Geologists classify it as an “igneous intrusion. Native Americans regard the tower as sacred ground. Today, the 1,267-foot formation stands as the centerpiece of Devils Tower National Monument.
Carved by a creek, Natural Bridge in Virginia’s Shenandoah Valley is one of the most famous natural sites. Standing 215 feet high, with a span of 90 feet, the formation is open to the public. Natural Bridge makes this list because its early supporters were extremely persistent in promoting Natural Bridge, once hailed as “The Eighth Wonder of the World.”
Confederate States of America icons Stonewall Jackson, Robert E. Lee and Jefferson Davis, along with their horses, are chiseled into the face of Stone Mountain, located just east of Atlanta, Georgia. Work on the carving began in 1916, but was abandoned in 1925. The sculptor who unexpectedly walked away from the Stone Mountain Carving, Gutzon Borglon, didn’t stay out of sight long — he began work on his signature achievement, Mount Rushmore, two years later. The Stone Mountain Carving was abandoned for nearly 40 years before resuming from 1963 until its completion in 1972. The carving, which is the largest bas-relief sculpture in the world, is 400 feet above the ground and measures 90 wide by 190 feet tall. In case you’re wondering, the heads of the four presidents on Mount Rushmore measure about 60 feet tall.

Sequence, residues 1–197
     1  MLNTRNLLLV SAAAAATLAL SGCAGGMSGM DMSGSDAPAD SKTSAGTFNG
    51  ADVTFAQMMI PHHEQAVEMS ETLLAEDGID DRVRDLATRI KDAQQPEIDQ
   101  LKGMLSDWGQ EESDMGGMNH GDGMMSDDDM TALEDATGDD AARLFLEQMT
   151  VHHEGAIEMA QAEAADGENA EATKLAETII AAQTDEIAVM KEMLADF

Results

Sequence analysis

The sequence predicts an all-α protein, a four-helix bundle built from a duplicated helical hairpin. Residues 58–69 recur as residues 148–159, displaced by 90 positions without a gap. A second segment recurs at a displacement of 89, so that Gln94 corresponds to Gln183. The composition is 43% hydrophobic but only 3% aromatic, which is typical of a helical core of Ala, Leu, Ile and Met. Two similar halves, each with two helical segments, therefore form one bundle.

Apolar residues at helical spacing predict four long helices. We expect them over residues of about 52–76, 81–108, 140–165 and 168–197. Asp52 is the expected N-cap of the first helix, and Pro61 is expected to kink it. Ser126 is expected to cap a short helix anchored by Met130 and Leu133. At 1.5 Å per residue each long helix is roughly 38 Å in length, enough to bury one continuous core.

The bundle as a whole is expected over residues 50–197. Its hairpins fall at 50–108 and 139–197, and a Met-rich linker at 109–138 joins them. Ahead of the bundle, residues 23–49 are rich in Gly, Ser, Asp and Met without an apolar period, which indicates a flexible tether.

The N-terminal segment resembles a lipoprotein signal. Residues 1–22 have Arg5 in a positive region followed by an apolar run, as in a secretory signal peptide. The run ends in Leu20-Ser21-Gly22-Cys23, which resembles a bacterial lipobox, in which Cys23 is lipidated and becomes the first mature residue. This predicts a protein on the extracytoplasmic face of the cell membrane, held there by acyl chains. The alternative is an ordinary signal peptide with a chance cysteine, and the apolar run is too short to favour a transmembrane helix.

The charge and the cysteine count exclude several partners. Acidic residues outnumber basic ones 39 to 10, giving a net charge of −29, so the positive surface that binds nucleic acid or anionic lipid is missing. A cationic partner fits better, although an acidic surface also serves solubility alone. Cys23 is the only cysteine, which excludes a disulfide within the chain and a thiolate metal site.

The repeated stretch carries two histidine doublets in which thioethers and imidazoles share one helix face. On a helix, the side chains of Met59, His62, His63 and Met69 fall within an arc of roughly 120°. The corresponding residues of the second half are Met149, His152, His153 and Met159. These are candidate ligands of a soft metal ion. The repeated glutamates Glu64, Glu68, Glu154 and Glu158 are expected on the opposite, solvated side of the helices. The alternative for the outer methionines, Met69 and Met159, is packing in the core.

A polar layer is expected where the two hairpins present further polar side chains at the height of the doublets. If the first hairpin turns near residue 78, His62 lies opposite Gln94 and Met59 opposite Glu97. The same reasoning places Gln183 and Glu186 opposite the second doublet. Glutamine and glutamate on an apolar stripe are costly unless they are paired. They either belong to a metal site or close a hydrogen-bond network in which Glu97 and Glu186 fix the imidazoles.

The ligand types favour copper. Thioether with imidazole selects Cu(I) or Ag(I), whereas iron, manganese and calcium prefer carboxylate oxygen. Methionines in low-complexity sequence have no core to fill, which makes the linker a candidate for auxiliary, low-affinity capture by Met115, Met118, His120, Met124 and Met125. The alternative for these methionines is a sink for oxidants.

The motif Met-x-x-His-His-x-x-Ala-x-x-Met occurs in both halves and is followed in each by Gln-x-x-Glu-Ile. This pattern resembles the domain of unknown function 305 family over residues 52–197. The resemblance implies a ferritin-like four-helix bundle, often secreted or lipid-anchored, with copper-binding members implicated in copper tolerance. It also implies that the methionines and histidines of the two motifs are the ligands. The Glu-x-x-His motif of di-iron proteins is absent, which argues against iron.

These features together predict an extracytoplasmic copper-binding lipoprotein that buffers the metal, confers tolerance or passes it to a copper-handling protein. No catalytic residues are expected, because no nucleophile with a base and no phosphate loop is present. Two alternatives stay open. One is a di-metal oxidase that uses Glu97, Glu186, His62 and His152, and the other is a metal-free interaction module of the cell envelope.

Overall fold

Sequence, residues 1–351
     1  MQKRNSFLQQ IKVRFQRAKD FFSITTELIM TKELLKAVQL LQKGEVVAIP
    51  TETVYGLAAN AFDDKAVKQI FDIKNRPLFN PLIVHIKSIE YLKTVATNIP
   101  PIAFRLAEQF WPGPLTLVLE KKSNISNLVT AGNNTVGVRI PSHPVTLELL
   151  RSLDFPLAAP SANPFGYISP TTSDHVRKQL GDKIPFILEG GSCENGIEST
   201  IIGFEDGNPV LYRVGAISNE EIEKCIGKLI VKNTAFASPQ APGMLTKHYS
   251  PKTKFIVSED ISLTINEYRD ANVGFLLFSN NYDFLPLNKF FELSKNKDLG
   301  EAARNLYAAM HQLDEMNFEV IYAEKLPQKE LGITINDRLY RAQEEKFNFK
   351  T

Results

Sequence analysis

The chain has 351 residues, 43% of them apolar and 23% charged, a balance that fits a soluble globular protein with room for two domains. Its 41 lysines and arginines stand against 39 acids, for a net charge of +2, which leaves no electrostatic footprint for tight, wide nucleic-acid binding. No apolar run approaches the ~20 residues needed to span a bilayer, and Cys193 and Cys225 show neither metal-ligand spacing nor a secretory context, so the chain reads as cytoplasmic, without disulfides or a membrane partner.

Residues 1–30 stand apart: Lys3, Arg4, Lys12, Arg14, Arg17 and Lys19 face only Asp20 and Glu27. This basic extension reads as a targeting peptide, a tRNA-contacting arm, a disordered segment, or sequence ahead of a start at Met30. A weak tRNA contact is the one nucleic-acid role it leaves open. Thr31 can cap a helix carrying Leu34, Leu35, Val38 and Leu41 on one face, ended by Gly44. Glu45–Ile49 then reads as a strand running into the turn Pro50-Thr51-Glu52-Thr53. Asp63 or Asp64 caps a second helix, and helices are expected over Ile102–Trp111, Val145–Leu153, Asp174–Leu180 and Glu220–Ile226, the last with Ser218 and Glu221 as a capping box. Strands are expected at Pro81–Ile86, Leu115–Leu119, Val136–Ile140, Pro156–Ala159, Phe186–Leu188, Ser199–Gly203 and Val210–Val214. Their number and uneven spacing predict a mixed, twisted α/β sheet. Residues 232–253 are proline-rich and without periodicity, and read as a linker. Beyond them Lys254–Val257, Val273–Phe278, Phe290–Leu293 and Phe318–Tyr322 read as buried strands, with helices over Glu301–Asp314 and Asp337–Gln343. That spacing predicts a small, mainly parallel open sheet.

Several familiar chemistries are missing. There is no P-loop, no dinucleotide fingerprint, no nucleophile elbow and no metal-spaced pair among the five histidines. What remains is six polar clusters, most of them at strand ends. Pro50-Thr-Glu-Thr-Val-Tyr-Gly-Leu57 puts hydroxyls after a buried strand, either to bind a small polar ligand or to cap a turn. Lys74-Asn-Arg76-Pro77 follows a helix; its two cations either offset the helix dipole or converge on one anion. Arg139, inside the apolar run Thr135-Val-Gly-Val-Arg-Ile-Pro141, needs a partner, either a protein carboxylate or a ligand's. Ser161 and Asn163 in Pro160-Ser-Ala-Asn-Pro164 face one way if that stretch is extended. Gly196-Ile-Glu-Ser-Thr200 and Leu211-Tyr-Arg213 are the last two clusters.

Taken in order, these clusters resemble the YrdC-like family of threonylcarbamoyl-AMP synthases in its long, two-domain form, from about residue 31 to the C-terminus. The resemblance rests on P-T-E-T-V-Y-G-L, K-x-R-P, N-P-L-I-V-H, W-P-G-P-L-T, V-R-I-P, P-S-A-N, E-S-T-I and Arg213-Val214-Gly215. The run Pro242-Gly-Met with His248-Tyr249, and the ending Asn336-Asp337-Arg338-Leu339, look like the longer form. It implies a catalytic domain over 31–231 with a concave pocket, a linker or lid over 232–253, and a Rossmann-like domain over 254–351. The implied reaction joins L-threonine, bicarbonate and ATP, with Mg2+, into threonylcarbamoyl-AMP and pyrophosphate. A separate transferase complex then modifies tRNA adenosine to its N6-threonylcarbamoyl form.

The Wave is a rock formation located on the Arizona/Utah border. Erosion through millions of years created the swirls and ridges in the sandstone that give the area such an otherworldly appearance. Of all the rocks on this list, this is the most difficult to visit, requiring a tough 6-mile round trip hike. Access to the Wave is limited to 20 visitors per day, and applications must be made months in advance.
At the Arches National Park in Utah, the Delicate Arch stands out above the rest. The 52-foot-high sandstone formation is the state symbol of Utah. It is a strenuous 3-mile round-trip hike.
Plymouth Rock remains an important part of American heritage. The rock is a popular attraction in Plymouth, Massachusetts.
Mount Rushmore was carved out of a granite mountainside in the Black Hills of South Dakota. The sculpture is of the faces of U.S. presidents George Washington, Thomas Jefferson, Theodore Roosevelt and Abraham Lincoln. Construction ceased in 1941 after 14 years when funding ran out.